President Donald Trump reached back Tuesday to the signature issue of his 2016 campaign to deliver a broadside against Democratic rival Joe Biden over immigration.
As Democrats gathered virtually to denounce the president’s policies and formally nominate Biden to challenge him, Trump targeted voters in a pair of key swing states and sought to curry favor with women voters.
In Arizona, one of the top 2020 battleground states, the president sought to paint a Biden victory in apocalyptic terms, insisting "the survival of our nation is at stake" in November, as he slammed what he hyperbolically labeled the "insane and lethal policies" of his opposition.
"Biden's plan is the most radical, extreme, reckless, dangerous and deadly immigration plan ever put forward by a major party candidate," he said. "It must be defeated. and it will be defeated on November 3."
Trump mischaracterized Biden's views on immigration, which are more centrist than many others in his party. Biden, for instance, does not support abolishing U.S. Immigration and Customs Enforcement, and he argues that crossing the U.S. border illegally should be criminally prosecuted rather than made a civil offense, as many other top Democratic presidential hopefuls proposed.
With his second campaign trip in two days, Trump was hoping to halt an expected convention polling bump for his rival and shore up support with his focus on immigration, one of the most important issues to his political base.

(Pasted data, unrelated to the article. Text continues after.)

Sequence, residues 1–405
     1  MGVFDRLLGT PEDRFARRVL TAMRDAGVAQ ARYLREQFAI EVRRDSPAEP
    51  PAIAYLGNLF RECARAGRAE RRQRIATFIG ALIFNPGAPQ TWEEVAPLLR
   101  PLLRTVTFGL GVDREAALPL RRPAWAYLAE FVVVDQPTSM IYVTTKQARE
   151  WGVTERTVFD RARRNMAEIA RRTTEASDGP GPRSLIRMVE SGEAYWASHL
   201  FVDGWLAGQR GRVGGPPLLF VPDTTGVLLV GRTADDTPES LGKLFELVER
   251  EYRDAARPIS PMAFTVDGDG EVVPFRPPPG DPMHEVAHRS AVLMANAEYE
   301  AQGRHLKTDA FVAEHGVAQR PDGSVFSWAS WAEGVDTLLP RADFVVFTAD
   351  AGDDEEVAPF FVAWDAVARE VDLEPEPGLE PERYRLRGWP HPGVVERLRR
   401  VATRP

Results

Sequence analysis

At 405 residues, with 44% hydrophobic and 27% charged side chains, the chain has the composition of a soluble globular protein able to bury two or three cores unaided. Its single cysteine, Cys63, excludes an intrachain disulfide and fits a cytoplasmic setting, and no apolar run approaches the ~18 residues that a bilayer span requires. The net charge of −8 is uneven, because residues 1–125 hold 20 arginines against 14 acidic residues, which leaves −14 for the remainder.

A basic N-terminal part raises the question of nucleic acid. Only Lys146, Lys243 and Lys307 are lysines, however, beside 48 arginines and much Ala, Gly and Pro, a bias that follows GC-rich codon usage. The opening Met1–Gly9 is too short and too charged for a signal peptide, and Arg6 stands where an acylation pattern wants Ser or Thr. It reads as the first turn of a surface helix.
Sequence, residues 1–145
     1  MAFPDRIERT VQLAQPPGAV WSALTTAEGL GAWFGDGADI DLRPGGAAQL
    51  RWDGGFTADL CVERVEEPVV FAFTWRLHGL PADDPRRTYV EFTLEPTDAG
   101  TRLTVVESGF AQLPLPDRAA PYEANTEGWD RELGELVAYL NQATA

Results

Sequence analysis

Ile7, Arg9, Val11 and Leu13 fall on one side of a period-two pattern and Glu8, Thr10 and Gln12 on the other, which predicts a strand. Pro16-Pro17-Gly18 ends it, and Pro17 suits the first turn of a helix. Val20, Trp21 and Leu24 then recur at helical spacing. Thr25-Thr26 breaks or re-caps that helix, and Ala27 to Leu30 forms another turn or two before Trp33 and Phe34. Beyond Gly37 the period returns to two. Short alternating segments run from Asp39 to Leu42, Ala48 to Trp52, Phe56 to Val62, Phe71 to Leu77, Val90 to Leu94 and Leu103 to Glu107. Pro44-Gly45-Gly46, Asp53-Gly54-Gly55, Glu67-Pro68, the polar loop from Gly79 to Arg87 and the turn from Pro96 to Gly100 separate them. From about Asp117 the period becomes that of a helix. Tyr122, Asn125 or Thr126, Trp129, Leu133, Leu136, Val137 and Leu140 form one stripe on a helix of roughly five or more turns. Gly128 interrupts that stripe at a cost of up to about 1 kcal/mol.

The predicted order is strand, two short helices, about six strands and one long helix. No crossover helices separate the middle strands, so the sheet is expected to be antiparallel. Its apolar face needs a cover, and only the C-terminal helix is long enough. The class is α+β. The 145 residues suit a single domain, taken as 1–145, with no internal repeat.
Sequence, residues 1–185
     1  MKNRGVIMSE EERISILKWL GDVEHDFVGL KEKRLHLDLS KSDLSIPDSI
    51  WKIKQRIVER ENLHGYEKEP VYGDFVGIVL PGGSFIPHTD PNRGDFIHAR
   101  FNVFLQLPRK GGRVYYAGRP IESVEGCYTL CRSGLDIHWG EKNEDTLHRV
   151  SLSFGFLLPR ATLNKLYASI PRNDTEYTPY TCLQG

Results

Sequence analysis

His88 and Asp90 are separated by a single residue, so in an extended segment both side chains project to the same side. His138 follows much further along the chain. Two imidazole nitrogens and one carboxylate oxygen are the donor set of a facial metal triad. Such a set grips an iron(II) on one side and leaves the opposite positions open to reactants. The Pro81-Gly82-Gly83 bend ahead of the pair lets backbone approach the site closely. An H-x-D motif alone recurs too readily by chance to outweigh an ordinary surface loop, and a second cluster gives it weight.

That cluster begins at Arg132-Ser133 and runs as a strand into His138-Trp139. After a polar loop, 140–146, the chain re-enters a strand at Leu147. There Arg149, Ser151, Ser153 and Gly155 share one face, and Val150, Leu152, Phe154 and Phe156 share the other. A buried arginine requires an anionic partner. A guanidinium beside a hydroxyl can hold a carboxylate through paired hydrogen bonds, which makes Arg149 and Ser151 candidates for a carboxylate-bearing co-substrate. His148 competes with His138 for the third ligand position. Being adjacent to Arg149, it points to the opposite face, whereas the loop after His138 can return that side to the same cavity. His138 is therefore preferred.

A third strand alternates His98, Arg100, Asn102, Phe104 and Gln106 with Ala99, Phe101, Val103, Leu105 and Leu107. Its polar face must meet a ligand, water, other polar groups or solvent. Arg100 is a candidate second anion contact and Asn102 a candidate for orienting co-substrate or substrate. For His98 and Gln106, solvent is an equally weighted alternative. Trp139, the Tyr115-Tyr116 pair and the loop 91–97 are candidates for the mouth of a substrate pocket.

In recent weeks, Trump has been trying to build support within the pivotal female voter constituency and has stepped up his events aimed at women. His campaign has launched another "women for Trump" bus tour, and the president has embraced a "law and order" message with renewed vigor.
The president also worked in a last-minute stop in Cedar Rapids, Iowa, for a briefing about damage from the derecho last week that has left thousands without power and caused catastrophic damage across the battleground state. Many there have expressed outrage that their plight has not received more national attention.
The storm, which packed 100 mph winds and similar power to an inland hurricane, blew down trees, flipped vehicles and caused widespread damage.
"We've come through for you, and we will always come through for Iowa," Trump said, as the city's mayor urged him to consider enhanced federal disaster funding for people there.
Trump highlighted his immigration agenda during his stop in Yuma, and got an update on construction of his southern border wall. The president insisted that, in addition to fulfilling his pledge to build the wall, Mexico was also paying for it — even though they're not.
"They are paying for it," he said as he stood in front of a replica of his wall, telling reporters he's planning to enact a border crossing toll at some point in the future.
"Mexico will be paying," he said. "We're figuring how much we have to charge."